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Compost grow tomato

This experiment links the classroom compost box to the material cycles in nature. The decomposition processes that can be observed in the box visualize the natural transformation of dead organic material into humus, which in turn provides nutrients for new plant growth.

Our modern society seems weakly linked with the natural cycles. For example, today we are using a lot of water to flush away our toilet wastes. Central sewer systems and treatment plants require a lot of energy to remove the wastes from the water. At many places natural waters systems are polluted by wastewater discharge. But aren't toilet wastes basically organic materials that could be composted? Do we need to flush them away with a lot of precious drinking water? The picture below shows our waste management practice of today and it really does not look nice. This experiment will provide ideas on what we can do to improve this situation.

Is this really the right way to deal with our organic wastes? Worldwide 90% of human wastewater are discharged untreated into natural waters. In Europe the situation fortunately is a bit better. Today, most part of the European wastewater flows trough a treatment plant. However only a few of those treatment systems are able to recycle the nutrients we are flushing into the toilet.

Learning goals

Background information

Nature does not know wastes. All materials are continuously recycled and reused. Dead organic material is getting decomposed to humus that in turn provides nutrient to plants for building up new biomass. The end product of the compost is therefore an excellent fertilizer for garden or pot plants.

The experiment is using rapidly growing plants such as tomatoes that require a lot of nutrients. Common pot plant substrates usually do not provide enough nutrients for such species, so you have to fertilize them to get an appropriate plant growth. However, enriching the substrate with mature compost will increase its nutrient content and lead to similar results as artificial fertilizer. Composting our garden and kitchen wastes instead of dumping them at landfill sites is therefore an important step to reconnect our civilisation to the natural material cycle.

From kitchen wastes to new crop plants. This is only one of many examples how we can recycle our organic wastes and reconnect our society to the natural material cycle.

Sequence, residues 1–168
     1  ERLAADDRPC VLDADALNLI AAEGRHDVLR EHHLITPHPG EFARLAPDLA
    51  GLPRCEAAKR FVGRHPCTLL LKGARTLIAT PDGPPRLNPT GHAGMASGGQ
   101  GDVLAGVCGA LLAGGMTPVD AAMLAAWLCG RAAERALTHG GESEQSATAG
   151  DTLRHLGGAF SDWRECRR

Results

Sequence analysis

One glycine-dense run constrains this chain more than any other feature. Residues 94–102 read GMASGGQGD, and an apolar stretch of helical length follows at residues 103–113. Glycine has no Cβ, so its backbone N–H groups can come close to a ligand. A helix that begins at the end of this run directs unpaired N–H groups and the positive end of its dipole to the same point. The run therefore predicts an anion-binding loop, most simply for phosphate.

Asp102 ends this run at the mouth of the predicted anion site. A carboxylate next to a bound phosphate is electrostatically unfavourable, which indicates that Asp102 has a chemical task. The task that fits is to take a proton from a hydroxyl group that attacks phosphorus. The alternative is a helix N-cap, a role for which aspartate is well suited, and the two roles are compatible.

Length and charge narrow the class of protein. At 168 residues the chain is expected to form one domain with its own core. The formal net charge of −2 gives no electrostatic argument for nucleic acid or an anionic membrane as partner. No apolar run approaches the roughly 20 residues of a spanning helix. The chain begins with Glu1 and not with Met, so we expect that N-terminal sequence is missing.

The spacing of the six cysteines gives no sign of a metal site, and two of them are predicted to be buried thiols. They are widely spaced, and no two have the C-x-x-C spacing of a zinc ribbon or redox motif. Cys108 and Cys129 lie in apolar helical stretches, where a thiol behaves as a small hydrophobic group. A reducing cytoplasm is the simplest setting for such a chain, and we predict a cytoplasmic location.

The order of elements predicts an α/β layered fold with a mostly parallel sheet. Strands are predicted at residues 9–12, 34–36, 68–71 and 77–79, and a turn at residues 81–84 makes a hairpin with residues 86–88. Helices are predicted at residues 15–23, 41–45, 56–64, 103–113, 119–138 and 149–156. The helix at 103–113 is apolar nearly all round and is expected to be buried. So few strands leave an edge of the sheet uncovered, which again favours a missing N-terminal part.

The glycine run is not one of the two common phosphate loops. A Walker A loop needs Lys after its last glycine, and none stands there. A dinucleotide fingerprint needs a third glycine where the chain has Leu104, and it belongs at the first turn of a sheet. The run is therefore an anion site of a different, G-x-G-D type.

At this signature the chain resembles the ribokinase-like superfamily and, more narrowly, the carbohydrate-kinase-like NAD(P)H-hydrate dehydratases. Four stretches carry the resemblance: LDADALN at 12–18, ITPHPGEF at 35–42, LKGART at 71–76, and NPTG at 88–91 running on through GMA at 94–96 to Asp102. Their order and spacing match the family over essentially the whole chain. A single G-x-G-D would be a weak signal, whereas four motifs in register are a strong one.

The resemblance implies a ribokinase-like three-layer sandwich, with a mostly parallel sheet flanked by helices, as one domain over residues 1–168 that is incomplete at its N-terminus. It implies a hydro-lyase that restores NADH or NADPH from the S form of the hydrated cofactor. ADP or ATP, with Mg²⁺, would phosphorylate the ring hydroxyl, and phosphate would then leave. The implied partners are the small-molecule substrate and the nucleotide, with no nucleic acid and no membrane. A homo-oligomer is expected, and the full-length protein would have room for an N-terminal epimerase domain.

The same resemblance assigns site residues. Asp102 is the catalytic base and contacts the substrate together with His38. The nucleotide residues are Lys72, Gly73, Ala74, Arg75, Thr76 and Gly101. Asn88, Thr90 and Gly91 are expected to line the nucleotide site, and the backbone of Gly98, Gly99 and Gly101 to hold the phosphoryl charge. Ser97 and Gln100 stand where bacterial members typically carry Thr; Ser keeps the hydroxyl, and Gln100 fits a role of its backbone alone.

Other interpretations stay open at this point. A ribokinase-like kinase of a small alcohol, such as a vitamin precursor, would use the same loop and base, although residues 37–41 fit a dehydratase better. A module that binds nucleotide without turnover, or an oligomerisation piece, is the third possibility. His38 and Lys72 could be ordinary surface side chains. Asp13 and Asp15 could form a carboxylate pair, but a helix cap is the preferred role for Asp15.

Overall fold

However, not only garden and kitchen wastes can be recycled, but also our toilet wastes. Urine is a highly valuable fertilizer that has similar effects as artificial liquid fertilizer. And faeces and toilet paper can be composted in the same way as kitchen or garden wastes in the classroom compost box. In recent years composting toilets met an increasing attention as a more ecological alternative to central sewer systems. Such ecological sanitation systems got highly popular not only in developing countries but also at remote places in the industrialized world. And modern compost toilet systems are save. If they are well designed, the compost will reach a sufficiently high temperature that will kill all pathogenic organisms.

A conventional water toilet (left side) is wasting a lot of water to flush the toilet wastes away. In a compost toilet the faeces are falling into a bin below the toilet (middle) that works according the same principle as the compost box. A compost toilet looks more or less the same than a conventional toilet (right side) and ist not really different to use.

Time requirement

After 3-4 weeks you will see the first results. However it will takes at least 12 weeks to get first fruits from a tomato seedlings.

Material requirement

The mature compost should be stored at least for three months.

Let's start

The experiment is based on a series of five plant pots with different substrate mixes. It is recommended to split the pupils in groups that each is establishing an experiment series. So you will get results from different parallel series and the opportunity to compare its results.

Diluting 100 ml urine with 400 ml water, using a 500 ml measuring cup

See and feel

Pupil is measuring the height of a plant
Checking its health state
  • Height of plants: is measured at the highest node
  • Number of leaves
  • Colour of leaves
  • How much water did the plants receive?

Didactical comments